a circuit board carried by the portable handheld housing, RF circuitry carried by the circuit board, and a main antenna carried by the circuit board at the lower portion of the housing and coupled to the RF circuitry and configured for multi-frequency cellular phone communications, including frequencies in the Global System for Mobile (GSM) communications band;
a diversity antenna formed as an array antenna and carried by the portable handheld housing at the upper portion of the portable handheld housing and coupled in a connection to the RF circuitry and the main antenna and configured to be tuned with the main antenna into a diversity communications frequency band to achieve a diversity mode of operation with the main antenna and to be tuned with the main antenna into a non-diversity communications frequency when cross-coupling has occurred from the diversity antenna to the main antenna when operating-in the diversity communications frequency band; and
a switch carried by the portable handheld housing and connected to the RF circuitry and coupled between the diversity and main antennae that disconnects the diversity antenna in a non-diversity communications frequency band, wherein the connection becomes open circuit in the non-diversity communications frequency band.
13. The mobile wireless communications device according to claim 12, wherein the switch comprises a plurality of switches and said array antenna comprises an plurality of antenna elements, wherein each antenna element including a respective switch that is controlled for individually turning ON and OFF selected antenna elements to change a combined radiation pattern of the array antenna.
14. The mobile wireless communications device according to claim 13, wherein said circuit board is configured substantially in size to the portable handheld housing.
15. The mobile wireless communications device according to claim 12, wherein said switch comprises a microelectromechanical (MEMS) switch.
16. The mobile wireless communications device according to claim 12, wherein said circuit board is configured substantially different in size to the portable handheld housing and further comprising a cable connected between the diversity antenna and circuit board and operative with the main antenna.
17. The mobile wireless communications device according to claim 16, wherein said switch is located at either an end of the cable connected to the circuit board or the end of the cable connected to the diversity antenna.
18. The mobile wireless communications device according to claim 12, and further comprising a load having a different impedance connected to the switch for imparting a different load impedance when the switch is switched to the load.
19. A method of operating a mobile wireless communications device, wherein the mobile wireless communications device comprises a portable handheld housing, a circuit board carried by the portable handheld housing, RF circuitry carried by the circuit board and a diversity antenna and main antenna carried by the portable handheld housing and coupled in a connection to the RF circuitry and operative together, wherein the method comprises:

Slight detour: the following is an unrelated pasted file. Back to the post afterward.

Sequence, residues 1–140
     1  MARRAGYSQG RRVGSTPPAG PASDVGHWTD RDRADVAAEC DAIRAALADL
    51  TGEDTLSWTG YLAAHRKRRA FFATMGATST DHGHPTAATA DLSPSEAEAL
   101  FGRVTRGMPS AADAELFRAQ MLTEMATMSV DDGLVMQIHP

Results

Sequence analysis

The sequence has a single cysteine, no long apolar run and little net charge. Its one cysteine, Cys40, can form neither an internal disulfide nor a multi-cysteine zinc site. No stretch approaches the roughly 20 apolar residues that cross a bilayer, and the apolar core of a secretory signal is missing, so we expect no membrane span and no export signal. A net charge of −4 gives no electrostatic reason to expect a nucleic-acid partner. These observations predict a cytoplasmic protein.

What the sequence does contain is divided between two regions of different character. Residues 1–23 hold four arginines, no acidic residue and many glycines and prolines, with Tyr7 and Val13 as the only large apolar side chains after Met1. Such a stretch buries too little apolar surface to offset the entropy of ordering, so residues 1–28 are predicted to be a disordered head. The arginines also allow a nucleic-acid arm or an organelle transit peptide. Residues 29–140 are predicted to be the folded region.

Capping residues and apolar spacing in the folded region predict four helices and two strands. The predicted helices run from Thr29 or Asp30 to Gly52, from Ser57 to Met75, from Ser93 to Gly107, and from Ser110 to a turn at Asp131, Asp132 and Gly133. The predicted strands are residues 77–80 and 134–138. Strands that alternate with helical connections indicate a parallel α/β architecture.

tuning the diversity antenna into a diversity communications frequency band to achieve a diversity mode of operation with the main antenna;
tuning the diversity antenna into a non-diversity communications frequency band when cross-coupling occurs from the diversity antenna to the main antenna when operating in the-diversity communications frequency band; and
disconnecting the diversity antenna when operating in a non-diversity communications frequency band, wherein the connection becomes open circuit in the non-diversity communications frequency band.
20. The method according to claim 19, and further comprising switching the diversity antenna into a different load impedance.
Description
TECHNICAL FIELD

The present disclosure relates to the field of communications devices, and more particularly, to communications devices that use diversity antenna systems.

BACKGROUND

One of the challenges of wireless communications, is designing suitable antennas that provide desired performance characteristics, yet are relatively small in size to fit within mobile devices. For example, with wireless devices such as mobile telephones, it is desirable to maintain the overall size of the telephone as small as possible. Furthermore, internal antennas are generally preferred over external antennas, as externally mounted antennas take up more space and may be damaged while traveling or through other uses.

These wireless devices often operate with cellular communication systems that continue to grow in popularity and have become an integral part of both personal and business communications. Moreover, as cellular telephone technology increases, so too has the functionality of the devices. For example, many portable wireless communications devices now incorporate Personal Digital Assistant (PDA) features such as calendars, address books, task lists, calculators, memo and writing programs. These multi-function devices usually allow users to send and receive electronic mail (email) messages wirelessly and access the internet via a cellular network and/or a wireless local area network (WLAN), for example, when the devices include appropriate circuitry for WiFi and other IEEE 802.11 WLAN access. Many of the cellular communications use packet burst transmissions as part of a Global System for Mobile communications (GSM) system, which includes the 850 MHz, 900 MHz, 1800 MHz and 1900 MHz frequency bands. Although these mobile wireless communication devices function as a cellular telephone, as noted before, the device can also operate and incorporate Personal Digital Assistant (PDA) features and send and receive email and other messages wirelessly and across the internet via the cellular network and/or a wireless Local Area Network (LAN). This function can include access to “hot spots” as part of a WiFi network using IEEE 802.11 standards.